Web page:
IMPORTANT! Vendors may use different names for these investment products. After reviewing the vendor’s plan materials, if you are uncertain about what type of investment product a vendor offers, contact the vendor and ask them to explain it to you.
Questions to ask when choosing investment products
It will be up to you to select investments that best meet your financial objectives. Although you may be eligible to participate in a 403(b) or 457(b) plan, do not assume that your employer has endorsed any particular investment product offered through the plan. Before selecting an investment product for your 403(b) or 457(b) plan, ask the following three questions:
- What fees will I pay?
- Will I have to pay any penalties if I change my investment choices? If so, how much?
- Does the vendor make more money for selling me one product over another?
What fees will I pay?
Fees and expenses vary from investment product to investment product — and they can take a huge bite out of your returns. An investment product with high costs must perform better than a low-cost investment product to generate the same returns for you. Even small differences in fees can mean large differences in returns over time.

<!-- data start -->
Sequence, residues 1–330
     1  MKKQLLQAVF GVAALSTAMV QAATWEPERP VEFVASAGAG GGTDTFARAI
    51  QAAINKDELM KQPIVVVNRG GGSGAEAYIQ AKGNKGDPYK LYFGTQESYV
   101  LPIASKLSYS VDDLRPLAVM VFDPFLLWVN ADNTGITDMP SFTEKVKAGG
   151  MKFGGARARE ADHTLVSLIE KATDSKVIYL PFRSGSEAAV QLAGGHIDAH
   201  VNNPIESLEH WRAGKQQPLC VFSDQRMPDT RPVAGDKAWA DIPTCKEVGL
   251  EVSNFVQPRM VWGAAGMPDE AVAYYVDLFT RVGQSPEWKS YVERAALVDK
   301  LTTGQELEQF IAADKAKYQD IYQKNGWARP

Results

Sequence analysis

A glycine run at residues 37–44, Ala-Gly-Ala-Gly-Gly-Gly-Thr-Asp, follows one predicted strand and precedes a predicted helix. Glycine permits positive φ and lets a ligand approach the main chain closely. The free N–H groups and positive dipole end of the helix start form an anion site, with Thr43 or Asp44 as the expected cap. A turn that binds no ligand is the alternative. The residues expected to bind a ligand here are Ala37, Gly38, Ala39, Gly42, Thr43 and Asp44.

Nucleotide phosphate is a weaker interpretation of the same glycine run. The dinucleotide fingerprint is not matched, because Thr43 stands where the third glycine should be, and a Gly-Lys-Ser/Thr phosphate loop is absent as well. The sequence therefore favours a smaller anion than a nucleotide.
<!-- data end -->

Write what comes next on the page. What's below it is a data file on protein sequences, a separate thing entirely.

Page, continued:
If a vendor tells you an investment product has “no fees,” it may mean there are no upfront fees when buying the investment product. But most investment products in 403(b) and 457(b) plans have expenses related to their operation that come out of their investment returns on an ongoing basis (e.g., an expense ratio for mutual funds or administrative expenses for annuities). These ongoing expenses can have a major impact on the investment product’s overall investment return.